The flavors beer makers have bred in brewer’s yeast feature light, fruity aromas. Even in darker beers, we prefer flavor compounds reminiscent of apples and honey, like phenyl ethyl acetate, ethyl caproate, ethyl caprylate, and ethyl acetate.
Our preference for fruity aromatics is so strong that we label savory flavors (ie. yeasty, buttery, or cheesy flavors) as undesirable, even if we would seek out those flavors in a loaf of bread.
You will have to prepare for some of these savory aromas if you decide to brew with bread yeast since bakers do not have the same aversion to savory flavors. But baker’s yeast is an incredibly diverse category, and while many commercial bread yeasts will produce large amounts of buttery 2,3-butanedione and alcohol-forward 1-propanol, others have been shown to produce the floral, almondy aromas associated with phenyl ethanol and 2-phenyl ethanol.
How do I brew with bread yeast?
Because of the genetic diversity seen between commercial bread yeasts coupled with their slightly different behavior when compared with beer yeasts, you’ll have to be prepared for an experiment if you decide to pitch baker’s yeast.
If you decide to brew with bread yeast, treat it as an experiment and a learning opportunity to become more aware of the role that yeast plays in the brewing process. Stick with one brand of commercial baker’s yeast and prepare to set down your recipe and rely on your intuition as a brewer.
Because both yeasts are the same species and ferment sugar through the same process of ethanol fermentation these experiments will be about fine-tuning the brewing process, not about completely re-learning to homebrew.
How much to pitch
While experimenting with the amount of bread yeast to pitch, you’ll want to make changes slowly.
I recommend pitching the same amount of yeast you would use in a recipe that calls for normal beer yeast and brewing at a slightly colder temperature than you’re used to. This will ensure that you don’t under-yeast your beer while relying on temperature to reduce the off-flavors and slow the attenuation to a level more closely in line with brewer’s yeast.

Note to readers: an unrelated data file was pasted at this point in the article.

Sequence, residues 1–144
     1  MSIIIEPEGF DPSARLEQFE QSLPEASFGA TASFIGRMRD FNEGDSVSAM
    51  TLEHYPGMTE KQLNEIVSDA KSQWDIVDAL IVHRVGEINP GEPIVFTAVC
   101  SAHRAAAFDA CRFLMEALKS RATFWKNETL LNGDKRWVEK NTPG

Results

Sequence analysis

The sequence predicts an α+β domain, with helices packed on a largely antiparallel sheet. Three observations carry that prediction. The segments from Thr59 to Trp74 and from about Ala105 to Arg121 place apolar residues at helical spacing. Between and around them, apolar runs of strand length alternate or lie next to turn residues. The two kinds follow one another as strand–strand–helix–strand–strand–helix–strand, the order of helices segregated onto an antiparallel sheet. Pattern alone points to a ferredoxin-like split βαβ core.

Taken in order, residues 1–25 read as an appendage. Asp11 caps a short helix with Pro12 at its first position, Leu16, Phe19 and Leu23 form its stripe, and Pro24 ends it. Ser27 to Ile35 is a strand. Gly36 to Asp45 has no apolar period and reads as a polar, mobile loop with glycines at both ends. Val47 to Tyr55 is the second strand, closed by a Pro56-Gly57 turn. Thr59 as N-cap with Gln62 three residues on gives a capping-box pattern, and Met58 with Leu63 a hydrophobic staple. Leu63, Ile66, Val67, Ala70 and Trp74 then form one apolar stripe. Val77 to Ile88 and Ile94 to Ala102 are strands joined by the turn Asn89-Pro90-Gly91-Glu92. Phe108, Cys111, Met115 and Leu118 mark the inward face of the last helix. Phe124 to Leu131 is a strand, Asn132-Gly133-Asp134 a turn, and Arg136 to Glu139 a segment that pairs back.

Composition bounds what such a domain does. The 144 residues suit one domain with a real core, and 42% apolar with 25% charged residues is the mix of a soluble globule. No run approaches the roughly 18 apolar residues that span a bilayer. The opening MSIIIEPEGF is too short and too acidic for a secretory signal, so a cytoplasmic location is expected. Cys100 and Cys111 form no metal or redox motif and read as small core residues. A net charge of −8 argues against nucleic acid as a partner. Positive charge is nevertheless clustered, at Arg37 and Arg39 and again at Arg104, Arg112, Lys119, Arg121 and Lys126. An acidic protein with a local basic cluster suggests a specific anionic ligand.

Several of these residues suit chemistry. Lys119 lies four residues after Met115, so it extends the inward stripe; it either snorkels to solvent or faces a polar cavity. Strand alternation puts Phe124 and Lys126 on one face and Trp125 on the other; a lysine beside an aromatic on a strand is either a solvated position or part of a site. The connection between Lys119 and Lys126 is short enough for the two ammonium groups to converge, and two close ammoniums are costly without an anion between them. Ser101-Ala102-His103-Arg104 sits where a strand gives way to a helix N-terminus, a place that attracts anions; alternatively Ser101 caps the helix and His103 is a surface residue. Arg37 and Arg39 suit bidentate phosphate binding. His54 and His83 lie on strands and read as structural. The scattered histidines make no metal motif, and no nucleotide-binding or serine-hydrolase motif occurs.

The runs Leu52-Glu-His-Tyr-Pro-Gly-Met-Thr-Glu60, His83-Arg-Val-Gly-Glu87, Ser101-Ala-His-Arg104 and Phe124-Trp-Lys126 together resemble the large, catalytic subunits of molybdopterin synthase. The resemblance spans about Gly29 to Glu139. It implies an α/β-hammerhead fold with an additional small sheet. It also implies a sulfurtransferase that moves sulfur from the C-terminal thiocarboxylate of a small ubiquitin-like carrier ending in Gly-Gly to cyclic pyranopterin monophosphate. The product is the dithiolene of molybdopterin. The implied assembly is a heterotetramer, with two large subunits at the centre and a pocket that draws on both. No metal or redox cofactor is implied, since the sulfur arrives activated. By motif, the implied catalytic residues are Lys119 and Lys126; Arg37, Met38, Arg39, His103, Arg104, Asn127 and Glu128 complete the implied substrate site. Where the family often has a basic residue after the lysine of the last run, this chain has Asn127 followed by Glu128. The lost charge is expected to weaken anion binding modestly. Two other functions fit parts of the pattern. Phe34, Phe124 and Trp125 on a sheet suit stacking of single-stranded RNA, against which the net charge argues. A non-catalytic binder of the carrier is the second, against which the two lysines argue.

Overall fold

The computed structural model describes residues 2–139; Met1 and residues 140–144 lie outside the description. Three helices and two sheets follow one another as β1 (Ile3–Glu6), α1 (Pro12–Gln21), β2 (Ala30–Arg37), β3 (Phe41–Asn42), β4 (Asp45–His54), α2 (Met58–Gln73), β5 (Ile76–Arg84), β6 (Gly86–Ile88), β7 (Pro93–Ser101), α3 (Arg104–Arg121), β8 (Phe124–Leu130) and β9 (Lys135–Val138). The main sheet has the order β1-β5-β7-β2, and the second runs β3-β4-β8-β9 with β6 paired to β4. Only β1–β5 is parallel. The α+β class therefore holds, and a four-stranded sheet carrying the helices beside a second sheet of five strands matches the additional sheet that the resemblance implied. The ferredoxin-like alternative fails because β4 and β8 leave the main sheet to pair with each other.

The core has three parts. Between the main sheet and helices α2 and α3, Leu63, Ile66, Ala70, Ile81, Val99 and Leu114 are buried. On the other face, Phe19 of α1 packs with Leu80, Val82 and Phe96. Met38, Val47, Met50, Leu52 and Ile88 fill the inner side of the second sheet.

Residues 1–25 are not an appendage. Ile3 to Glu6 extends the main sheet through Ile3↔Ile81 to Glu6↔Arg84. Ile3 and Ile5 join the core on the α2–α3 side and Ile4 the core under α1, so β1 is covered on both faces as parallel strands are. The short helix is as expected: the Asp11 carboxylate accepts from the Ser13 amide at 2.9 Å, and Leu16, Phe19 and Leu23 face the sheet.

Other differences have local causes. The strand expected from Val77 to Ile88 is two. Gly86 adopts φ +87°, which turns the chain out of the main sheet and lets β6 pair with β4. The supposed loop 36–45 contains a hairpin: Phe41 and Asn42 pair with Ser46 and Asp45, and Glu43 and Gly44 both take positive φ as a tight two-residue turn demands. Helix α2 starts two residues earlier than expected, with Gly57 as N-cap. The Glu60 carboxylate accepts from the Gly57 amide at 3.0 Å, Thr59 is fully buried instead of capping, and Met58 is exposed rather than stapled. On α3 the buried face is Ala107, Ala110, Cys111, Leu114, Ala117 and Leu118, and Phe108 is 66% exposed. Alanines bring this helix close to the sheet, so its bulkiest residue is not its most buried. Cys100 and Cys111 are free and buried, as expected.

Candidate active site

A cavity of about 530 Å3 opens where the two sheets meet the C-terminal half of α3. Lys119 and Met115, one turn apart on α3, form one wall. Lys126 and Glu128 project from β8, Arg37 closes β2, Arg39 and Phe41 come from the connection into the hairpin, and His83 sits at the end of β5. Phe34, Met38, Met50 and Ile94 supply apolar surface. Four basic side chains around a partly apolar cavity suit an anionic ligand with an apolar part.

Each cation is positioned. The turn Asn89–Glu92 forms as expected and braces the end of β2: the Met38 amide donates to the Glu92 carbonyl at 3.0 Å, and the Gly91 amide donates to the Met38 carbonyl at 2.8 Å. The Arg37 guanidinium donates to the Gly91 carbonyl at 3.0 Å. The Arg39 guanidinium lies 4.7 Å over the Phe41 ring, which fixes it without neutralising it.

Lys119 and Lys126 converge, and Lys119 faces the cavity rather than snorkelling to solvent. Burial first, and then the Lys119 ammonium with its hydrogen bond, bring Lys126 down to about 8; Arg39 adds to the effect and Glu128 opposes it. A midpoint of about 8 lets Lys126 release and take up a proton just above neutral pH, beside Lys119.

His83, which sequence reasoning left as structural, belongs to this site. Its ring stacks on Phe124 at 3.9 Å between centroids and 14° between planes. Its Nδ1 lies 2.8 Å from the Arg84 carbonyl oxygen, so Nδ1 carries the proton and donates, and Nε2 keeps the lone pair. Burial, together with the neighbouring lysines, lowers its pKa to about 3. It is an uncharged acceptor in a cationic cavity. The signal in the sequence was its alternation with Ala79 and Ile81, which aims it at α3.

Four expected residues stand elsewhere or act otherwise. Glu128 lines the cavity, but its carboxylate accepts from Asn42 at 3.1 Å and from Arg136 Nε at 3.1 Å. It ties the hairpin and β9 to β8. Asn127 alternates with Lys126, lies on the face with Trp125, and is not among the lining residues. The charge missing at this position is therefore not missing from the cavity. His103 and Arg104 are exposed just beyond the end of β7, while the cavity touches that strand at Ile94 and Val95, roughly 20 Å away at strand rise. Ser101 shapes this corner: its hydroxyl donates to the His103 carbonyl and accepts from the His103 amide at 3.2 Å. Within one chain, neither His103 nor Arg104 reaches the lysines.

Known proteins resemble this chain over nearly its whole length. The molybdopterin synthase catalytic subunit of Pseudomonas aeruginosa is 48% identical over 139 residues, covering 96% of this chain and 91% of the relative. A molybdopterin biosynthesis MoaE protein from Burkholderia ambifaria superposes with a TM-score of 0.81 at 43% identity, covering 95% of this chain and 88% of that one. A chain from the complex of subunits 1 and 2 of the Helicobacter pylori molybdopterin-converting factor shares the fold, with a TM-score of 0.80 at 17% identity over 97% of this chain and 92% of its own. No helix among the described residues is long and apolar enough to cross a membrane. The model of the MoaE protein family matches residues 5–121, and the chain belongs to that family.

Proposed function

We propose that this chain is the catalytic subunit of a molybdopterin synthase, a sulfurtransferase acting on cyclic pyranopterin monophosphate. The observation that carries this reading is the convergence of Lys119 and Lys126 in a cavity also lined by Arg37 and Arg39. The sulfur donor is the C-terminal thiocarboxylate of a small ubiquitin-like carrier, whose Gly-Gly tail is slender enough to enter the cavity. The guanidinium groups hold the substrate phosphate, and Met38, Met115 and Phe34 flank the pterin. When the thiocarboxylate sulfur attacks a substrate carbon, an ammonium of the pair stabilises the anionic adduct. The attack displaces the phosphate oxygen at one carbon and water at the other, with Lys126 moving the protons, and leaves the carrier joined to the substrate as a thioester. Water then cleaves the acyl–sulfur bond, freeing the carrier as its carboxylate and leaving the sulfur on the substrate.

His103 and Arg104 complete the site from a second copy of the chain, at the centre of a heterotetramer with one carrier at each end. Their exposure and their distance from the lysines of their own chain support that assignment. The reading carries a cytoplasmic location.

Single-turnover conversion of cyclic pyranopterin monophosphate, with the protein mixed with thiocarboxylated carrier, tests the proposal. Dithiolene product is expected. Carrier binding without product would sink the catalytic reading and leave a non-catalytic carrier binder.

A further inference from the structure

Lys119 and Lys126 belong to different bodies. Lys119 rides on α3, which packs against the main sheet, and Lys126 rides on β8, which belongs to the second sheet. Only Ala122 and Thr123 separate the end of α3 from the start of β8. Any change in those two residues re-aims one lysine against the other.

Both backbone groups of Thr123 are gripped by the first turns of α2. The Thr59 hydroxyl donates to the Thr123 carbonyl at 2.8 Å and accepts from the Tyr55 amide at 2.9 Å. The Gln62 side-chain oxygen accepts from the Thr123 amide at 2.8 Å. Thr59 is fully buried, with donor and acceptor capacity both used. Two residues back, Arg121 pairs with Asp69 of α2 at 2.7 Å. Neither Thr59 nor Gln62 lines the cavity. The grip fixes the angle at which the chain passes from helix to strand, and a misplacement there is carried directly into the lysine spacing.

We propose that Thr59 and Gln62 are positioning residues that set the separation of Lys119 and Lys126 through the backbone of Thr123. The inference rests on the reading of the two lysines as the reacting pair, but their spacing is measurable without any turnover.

While over-yeasting can produce off-flavors, under-yeasting is far more common on a homebrewing scale. In addition, over-yeasting will have a negligible impact on the final gravity of your beer.
While it’s generally a good idea not to over-yeast your beer, studies have shown that adding too much yeast has almost no negative impact on beer. The major exception to this was the production of buttery diacetyl compounds as yeast compete for insufficient nutrients.
How long to ferment
Bread yeast will finish primary fermentation faster than beer yeast, but the exact length of fermentation will depend on the exact strain you use. To overcome this problem, you’ll want to rely on visual cues to let you know when your brew is done fermenting.
While we don’t usually think of bread as an alcoholic product, bread yeast is actually incredibly efficient when it comes to fermentation. Because bakers prefer yeast that starts fermenting immediately and saturates dough with alcohol quickly, you will probably see a faster, more intense primary fermentation than you’re used to with brewer’s yeast.
In addition, because bread yeast strains will ferment at different rates, you’ll want to pay attention to other signs that primary fermentation is finished.
The strain of yeast chosen for secondary fermentation will have a huge impact on the effectiveness of bottle conditioning.
Most yeast produce similar levels of carbon dioxide when given enough time, so your best bet is to add the same amount of yeast as you normally would and tweak the formula based on your own observations and experiments.
According to research published in 2020, the amount of carbon dioxide produced by baker’s yeast was almost identical to the amount produced by non-baker’s yeast. The main difference noted between the two came down to the speed of fermentation, suggesting that bottle conditioning may reach completion faster with bread yeast than beer yeast.
Along with the speed of fermentation, the biggest difference between yeast strains used for secondary fermentation comes down to the production of volatile flavor compounds.
Both of these factors will influence the effectiveness of bottle conditioning, but while identifying the flavor compounds produced by different strains of baker’s yeast will take time and experimentation, there are a few tricks you can use to judge whether or not your secondary fermentation is complete.
Read more about my suggestions for tracking your bottle conditioning here.